A question that comes up occasionally in designing massively multiplayer online games is how many characters a player should be able to control on the same game server.
It's an interesting question because it gets into aspects of both business and gameplay design. Fewer characters allowed per server could increase the number of subscriptions purchased, but at the cost of some unhappy players. Some players like to run multiple characters in order to explore different ways of experiencing the gameworld.
On the other hand, if you try to satisfy the Explorers by allowing multiple characters per server, the Achievers will use this feature as well... but they'll use all their other characters (their "alts") to extend the capabilities and possessions of one of their characters (their "main") beyond what that one character alone could normally do or obtain. This reduces the level of challenge intended for the individual player, which is usually balanced for one person playing one character.
So which approach is generally preferable? One character per server? Or many?
I think the answer needs to depend mostly on how easy it is to change an individual character's abilities.
The easier it is for a character to change abilities, the more appropriate it becomes to offer/allow only a single character per server. If today I can be a good crafter, and a few weeks from now I can change into an equally competent fighter, then allowing multiple characters is unnecessary. The bad (unbalancing) effects start to outweigh the positive (exploratory) features.
Alternatively, if character abilities can never be lost, and if characters belonging to the same account can't trade among themselves, then allowing up to three characters (a main and two alts) seems reasonable. The pros and cons balance out.
But some players will insist that three characters are not enough, that six or ten or even more characters per server are necessary to support their preferred playstyle. This might be so; the problem is that what you permit for one player needs to be allowed for every player, and many players will not have any reservations about using multiple characters as robots that subsidize one main character. The more characters per server you allow, the more these utilitarian players will unbalance your game that's balanced around a single character.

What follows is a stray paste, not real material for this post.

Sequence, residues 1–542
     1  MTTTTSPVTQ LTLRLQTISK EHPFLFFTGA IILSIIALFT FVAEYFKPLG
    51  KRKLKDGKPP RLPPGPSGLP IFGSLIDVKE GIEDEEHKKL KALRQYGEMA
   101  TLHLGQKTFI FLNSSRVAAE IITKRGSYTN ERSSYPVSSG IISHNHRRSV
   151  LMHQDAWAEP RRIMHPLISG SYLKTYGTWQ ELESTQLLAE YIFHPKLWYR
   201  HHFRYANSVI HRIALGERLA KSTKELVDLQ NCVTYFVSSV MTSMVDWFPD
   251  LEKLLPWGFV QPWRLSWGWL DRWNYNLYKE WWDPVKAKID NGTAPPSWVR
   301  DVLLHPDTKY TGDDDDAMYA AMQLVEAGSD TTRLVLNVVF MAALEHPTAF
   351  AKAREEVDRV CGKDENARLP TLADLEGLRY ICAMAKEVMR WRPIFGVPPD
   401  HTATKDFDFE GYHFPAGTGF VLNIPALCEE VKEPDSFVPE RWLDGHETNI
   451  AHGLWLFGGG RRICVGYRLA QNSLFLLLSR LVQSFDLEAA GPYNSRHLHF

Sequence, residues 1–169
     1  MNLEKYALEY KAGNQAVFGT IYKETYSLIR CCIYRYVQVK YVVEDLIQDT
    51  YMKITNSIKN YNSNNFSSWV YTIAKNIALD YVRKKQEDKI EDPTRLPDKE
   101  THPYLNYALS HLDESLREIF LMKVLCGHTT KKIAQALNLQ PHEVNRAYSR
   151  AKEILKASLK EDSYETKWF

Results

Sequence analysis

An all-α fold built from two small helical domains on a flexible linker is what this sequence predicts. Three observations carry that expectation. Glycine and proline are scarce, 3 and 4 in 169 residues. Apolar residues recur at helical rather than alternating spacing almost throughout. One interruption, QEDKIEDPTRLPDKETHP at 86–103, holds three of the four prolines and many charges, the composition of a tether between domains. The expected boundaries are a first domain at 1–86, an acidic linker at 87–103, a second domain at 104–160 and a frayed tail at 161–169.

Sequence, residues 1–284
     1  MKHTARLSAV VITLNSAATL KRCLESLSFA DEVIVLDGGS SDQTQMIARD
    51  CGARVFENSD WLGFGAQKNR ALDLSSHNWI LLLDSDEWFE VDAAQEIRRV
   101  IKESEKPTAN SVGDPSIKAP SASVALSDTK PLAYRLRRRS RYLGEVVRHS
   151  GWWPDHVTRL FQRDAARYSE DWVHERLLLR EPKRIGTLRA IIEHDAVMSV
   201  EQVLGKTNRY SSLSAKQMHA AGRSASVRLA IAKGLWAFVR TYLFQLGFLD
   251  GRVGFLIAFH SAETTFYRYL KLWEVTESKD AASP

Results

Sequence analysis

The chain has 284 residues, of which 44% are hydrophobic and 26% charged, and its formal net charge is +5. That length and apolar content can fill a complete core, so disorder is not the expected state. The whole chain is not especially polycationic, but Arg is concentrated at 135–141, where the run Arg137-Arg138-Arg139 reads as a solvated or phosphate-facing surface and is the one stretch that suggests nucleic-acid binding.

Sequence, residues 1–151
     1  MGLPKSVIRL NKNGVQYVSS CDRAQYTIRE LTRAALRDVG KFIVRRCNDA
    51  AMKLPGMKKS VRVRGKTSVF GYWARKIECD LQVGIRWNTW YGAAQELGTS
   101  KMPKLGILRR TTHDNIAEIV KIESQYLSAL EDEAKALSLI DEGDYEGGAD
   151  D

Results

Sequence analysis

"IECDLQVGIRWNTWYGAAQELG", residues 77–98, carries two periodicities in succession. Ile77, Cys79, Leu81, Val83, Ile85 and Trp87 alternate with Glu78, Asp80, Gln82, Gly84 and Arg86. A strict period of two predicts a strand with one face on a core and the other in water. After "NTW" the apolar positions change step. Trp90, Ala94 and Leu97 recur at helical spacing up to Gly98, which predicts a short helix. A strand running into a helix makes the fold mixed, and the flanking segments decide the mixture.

Muling is just one aspect of the problem; the complete problem is really that the easier it is for one player to play multiple characters per server, the easier the game becomes.
Allowing many characters, or allowing multiple characters if it's possible to change skills with relative ease, creates the problem of a player being able to play the game as a kind of single ubercharacter. Being able to easily swap between multiple characters with different ability sets is equivalent to having a single character who possesses nearly every ability in the game, and that completely honks up the game's level of challenge which is designed to scale to a single character.
A game that's too easy -- because it's not being played as its designers intended -- becomes boring, and that's one of the many kiss-of-death scenarios possible in these game things. So if anyone asked, I'd counsel a measured approach to the "how many characters per server" question. When forced to choose, I come down on the side of offering as few characters per server as possible.
For a very skill-based game, I'd say one character per server is sufficient. For a very class-based game, I'd suggest allowing up to three, but I'd also make most items no-trade. Furthermore, I'd consider adding code that checks a user's account when trying to log in a character to make sure they don't already have another character active on that server. This will prevent the multiboxers from cheapening their gameplay experience (whether they think that's what would happen or not) by letting it be too easy because they're using their multiple characters as one ubercharacter.
Sometimes what gamers want is not what they should get. And yes, that probably applies to some of the things I've asked for, too.